Still More Vile Verses


Google Books is home to many a public domain poem. The image illustrating this article is from a poem called “Jack-o’-Lantern’s Story” and it is followed by another simply called “Halloween.” Please don’t confuse them with “Jack-O’-Lantern” by John Banister Tabb or “Halloween” by A.T. Frost. I’m also found of “Hallowe’en Happenings,” “A Halloween Memory” by Christopher Morley, “In October” by William Barnes Lower, “The Haunted House” by Thomas Hood and “Grim, King of the Ghosts; or, The Dance of Death” by Matthew Gregory Lewis.

Goodreads is offering Brian Rosenberger’s macabre collection Poems That Go Splat for free!

In addition to writing movie reviews for, Will T. Laughlin has also written works like “(Whispersoft, on cockroach feet…)” and the hilarious Poe parody “The Grackle.”

A poem inspired by Troll II actually exists. For a more traditional poem about trolls, I recommend Eve Hartlieb’s “The Troll.”

Frankenstein’s monster has inspired Edward Field to write several poems, including “The Return of Frankenstein.”

The Reader’s Guide to the Cthulhu Mythos is home to work like “Dark Paths to Arkham” by Ron Shiflet and Franklyn Searight’s humorous “Lovecraftian Cliff Notes” for “Cool Air,” “The Colour Out of Space” and “The Rats in the Walls.”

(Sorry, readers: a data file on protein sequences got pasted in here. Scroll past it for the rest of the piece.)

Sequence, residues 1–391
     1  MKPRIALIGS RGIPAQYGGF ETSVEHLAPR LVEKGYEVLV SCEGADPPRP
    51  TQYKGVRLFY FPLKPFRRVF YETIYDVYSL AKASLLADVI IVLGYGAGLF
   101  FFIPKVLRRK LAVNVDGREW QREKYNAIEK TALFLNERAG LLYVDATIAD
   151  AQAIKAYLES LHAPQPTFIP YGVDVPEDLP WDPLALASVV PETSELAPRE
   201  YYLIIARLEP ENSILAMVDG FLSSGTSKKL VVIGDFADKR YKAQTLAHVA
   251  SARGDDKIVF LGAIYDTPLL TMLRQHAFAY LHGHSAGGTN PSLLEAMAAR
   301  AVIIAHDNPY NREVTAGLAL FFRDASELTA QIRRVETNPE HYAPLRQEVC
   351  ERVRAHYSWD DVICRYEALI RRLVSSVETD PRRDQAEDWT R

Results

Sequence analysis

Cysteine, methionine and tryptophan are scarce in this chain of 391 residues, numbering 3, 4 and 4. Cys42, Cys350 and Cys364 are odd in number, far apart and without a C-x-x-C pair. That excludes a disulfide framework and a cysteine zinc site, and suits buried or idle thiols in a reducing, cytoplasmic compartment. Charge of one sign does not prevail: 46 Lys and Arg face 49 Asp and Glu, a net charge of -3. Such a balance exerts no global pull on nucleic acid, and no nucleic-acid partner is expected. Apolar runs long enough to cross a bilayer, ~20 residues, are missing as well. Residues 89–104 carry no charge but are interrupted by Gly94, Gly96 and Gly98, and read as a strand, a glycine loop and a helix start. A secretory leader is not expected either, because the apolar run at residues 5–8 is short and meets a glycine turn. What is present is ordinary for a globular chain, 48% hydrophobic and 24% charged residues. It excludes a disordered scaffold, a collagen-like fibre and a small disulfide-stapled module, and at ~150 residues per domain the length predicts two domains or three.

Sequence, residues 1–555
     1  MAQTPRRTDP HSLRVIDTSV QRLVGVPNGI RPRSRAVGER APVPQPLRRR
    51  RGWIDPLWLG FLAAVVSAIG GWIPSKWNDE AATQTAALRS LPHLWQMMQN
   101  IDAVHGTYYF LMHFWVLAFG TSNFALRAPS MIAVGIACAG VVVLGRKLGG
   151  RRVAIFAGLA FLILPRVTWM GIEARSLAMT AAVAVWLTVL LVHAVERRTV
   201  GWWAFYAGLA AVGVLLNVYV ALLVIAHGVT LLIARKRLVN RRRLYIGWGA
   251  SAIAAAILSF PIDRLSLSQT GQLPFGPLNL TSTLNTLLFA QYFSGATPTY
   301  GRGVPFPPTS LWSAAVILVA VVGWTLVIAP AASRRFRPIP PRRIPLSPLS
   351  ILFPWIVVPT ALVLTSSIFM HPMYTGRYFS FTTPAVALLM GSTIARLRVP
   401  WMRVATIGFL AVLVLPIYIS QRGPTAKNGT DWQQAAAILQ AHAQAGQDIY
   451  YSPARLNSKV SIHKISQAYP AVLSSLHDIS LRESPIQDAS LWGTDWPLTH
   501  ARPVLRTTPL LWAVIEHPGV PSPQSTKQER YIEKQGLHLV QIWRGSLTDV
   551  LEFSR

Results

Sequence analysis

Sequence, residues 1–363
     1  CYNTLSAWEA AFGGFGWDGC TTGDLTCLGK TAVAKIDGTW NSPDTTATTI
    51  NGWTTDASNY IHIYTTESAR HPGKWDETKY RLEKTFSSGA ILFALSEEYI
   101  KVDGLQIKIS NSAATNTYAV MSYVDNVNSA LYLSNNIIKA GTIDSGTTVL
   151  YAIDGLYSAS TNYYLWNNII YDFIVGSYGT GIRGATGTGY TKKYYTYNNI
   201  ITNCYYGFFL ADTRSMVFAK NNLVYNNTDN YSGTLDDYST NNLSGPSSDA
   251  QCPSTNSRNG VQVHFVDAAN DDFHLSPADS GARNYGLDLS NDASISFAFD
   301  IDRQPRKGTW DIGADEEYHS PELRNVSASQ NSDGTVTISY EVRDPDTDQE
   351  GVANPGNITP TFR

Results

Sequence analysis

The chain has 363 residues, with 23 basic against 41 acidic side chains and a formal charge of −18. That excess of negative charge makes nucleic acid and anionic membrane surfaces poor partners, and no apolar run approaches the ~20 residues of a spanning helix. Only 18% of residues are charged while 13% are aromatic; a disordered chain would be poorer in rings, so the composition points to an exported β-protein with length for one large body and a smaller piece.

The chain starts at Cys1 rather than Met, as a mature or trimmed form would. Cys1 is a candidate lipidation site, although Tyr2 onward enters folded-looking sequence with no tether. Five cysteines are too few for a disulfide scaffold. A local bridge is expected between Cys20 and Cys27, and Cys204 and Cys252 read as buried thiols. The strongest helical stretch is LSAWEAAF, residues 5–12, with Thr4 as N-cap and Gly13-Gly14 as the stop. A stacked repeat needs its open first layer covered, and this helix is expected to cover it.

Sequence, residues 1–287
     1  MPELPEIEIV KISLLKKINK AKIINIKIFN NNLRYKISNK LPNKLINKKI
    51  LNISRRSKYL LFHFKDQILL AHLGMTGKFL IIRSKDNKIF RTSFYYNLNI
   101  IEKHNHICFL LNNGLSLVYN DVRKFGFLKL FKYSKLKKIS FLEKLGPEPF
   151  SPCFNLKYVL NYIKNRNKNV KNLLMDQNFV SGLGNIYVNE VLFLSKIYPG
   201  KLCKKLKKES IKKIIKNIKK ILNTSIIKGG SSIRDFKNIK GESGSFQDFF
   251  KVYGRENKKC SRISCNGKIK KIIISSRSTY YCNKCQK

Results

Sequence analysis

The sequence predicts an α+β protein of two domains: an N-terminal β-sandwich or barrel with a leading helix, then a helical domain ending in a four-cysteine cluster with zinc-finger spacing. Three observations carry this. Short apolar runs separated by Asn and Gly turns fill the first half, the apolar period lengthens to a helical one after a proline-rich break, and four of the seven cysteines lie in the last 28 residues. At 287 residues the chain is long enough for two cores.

With both being Japanese, it is no surprise how people compose haiku about Godzilla. The Classic Horror Film Board has a thread on the matter, which led me to the Godzilla Haiku Tumblr account.

Michael Arnzen is best known around here for his amazing works of flash fiction, but he also dabbles in the world of verse. Amazon has quite the selection of his work available to read online for free. They also let you read “My Zoootch” and “The One Who Invented Trick Or Treat” from Shel Silverstein’s Every Thing On It.

Bogleech’s annual Creepypasta Cook-Off has resulted in poems like David Haire’s “Things,” Joseph Hartman’s “Tonight’s Arch” and Tweinge’s “Ignite” (among many others).

Wikisource is a treasure trove of poetry perfect for an October evening. “The Pumpkin” is a wonderful ode by John Greenleaf Whittier while Emily Dickinson’s “I felt a Funeral, in my Brain” is much less cheery. Both Emily Pauline Johnson’s “The Wolf” and Eugene Field’s “Seein’ Things” deal with fearful subjects, but only one is serious. Henry Wadsworth Longfellow must have loved the fall season, seeing as how he wrote two different poems called “Autumn.” The first was published in 1828 and the other in 1845. Those preferring scary poems will appreciate “The Phantom Ship,” “The Mother’s Ghost,” “Suspiria” and “The Skeleton in Armor.” I also recommend Robert Burns’ “Epitaph for James Smith,” William Cullen Bryant’s “The Strange Lady,” Charlotte Fiske Bates’ “At Hawthorne’s Grave,” Samuel Taylor Coleridge’s “The Raven,” Emily Brontë’s “A Death-Scene” and Robert Browning’s “Mr. Sludge, ‘The Medium’.”

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